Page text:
Guidance for starting up a small business

The concept of starting up your own business appeals to many in the UK. Recent surveys have discovered that 70% of us have deliberated the idea and four out of five 16-21-years-olds have the ambition to one day become their own boss. In 2017, there were 5.7 million private sector businesses, which represented a representing a four per cent rise from the year before. However, it’s perhaps surprising to find that 80 per cent of new businesses fold within their first 18 months.

Whether it’s a side hustle or a full-time project, there are so many businesses starting up. But as a huge number are ultimately failing, we’re here to look at the laws you must follow and how to give your business the best chance of success through advertising.

Registering your business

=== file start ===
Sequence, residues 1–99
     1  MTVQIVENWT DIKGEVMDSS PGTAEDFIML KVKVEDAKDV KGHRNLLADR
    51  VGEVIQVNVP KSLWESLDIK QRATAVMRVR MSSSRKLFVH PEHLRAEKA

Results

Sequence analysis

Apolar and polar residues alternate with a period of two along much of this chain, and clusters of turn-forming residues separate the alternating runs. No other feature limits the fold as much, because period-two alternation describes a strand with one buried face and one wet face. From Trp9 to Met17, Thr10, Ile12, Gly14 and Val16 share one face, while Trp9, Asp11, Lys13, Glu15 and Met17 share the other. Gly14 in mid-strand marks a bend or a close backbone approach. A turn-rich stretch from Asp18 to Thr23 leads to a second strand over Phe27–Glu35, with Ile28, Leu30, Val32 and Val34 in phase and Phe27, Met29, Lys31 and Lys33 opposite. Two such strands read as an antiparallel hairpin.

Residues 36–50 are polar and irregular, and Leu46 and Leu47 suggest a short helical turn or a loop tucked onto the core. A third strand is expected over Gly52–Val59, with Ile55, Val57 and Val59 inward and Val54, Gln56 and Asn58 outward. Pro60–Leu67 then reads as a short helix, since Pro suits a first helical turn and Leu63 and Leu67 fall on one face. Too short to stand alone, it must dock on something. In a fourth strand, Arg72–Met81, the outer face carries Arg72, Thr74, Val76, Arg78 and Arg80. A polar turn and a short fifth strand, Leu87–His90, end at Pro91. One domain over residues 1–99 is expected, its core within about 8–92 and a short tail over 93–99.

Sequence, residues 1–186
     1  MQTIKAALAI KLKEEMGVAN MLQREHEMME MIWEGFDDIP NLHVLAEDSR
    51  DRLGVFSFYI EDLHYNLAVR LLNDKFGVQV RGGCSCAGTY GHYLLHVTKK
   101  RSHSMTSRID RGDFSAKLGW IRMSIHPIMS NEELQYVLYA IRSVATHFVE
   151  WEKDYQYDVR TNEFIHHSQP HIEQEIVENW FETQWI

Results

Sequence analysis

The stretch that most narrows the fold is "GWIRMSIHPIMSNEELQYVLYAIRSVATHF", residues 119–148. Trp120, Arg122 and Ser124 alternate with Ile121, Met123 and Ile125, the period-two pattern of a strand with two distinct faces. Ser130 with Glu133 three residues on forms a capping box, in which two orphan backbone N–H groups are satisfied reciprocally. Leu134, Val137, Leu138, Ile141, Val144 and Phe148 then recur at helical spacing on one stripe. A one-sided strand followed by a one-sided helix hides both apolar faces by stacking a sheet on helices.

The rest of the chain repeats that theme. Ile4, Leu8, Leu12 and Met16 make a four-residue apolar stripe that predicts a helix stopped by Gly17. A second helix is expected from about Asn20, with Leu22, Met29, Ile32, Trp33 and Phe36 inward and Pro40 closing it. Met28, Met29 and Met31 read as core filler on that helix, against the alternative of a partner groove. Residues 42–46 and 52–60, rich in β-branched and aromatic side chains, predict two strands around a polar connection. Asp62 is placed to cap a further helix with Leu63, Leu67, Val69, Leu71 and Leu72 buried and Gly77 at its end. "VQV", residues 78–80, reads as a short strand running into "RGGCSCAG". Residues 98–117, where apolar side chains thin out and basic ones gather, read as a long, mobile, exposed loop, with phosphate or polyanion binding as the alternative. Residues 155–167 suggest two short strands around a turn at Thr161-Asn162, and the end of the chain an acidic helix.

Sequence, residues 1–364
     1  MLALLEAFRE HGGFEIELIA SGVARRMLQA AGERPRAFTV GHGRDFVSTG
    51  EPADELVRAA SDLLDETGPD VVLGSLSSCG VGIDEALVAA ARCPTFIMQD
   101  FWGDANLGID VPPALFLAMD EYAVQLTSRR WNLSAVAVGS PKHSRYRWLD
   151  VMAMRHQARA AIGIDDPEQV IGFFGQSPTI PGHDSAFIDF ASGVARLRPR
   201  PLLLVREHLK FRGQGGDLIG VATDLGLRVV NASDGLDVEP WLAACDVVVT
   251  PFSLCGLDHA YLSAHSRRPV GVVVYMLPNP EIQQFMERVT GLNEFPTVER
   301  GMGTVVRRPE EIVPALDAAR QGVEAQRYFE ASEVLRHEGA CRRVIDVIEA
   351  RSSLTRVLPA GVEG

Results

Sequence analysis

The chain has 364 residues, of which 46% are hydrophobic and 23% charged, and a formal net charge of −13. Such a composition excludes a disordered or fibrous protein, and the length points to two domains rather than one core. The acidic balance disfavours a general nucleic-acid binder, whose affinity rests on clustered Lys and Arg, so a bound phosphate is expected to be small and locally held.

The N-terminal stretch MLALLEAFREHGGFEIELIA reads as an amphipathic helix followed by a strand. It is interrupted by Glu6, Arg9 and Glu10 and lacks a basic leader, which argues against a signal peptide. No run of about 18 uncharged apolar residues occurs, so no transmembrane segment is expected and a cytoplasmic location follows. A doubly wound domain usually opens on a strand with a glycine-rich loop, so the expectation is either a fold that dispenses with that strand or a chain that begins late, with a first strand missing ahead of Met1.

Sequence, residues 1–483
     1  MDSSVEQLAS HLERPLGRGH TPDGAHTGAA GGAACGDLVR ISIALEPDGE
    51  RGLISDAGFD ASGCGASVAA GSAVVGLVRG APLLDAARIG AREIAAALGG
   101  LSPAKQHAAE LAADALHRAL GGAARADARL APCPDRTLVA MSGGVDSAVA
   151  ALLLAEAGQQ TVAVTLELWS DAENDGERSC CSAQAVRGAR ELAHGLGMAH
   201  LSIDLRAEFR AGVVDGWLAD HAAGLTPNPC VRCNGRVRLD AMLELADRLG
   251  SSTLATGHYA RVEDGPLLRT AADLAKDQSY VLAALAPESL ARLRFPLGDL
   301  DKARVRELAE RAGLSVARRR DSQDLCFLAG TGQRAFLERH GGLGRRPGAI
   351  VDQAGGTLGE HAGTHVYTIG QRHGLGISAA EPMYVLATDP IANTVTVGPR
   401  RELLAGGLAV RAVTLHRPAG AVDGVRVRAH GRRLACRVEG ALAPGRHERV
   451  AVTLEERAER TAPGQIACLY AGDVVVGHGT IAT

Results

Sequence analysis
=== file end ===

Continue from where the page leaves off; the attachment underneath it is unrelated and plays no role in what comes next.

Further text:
At the beginning of your business’s life, you must register it. Most owners will register as a sole trader, limited company, or partnership. While it may be easier to set up as a sole trader, this deems you responsible for any debt the company may build up and leaves you in charge of certain accounting issues.

However, a limited company lets you separate your personal finances and business assets. This too is easy to set up yourself, but many prefer to seek the assistance of a professional figure such as an accountant as there are a lot more reporting and management responsibilities involved.

It’s sensible to go down the route of a partnership if you’re going into business with someone else. This is the simplest way to set up your new business if there are two a more people involved.

Licensing

In some cases, licensing can be a section that is overlooked when a small business is being set up. Certain small businesses may not require a licence, but you should always check at the earliest opportunity to avoid fines or being shut down before you’ve really began.

A licence is also required if you plan to play music, sell food or trade in the street. Use this Gov.uk tool to find out which licences your concept may require.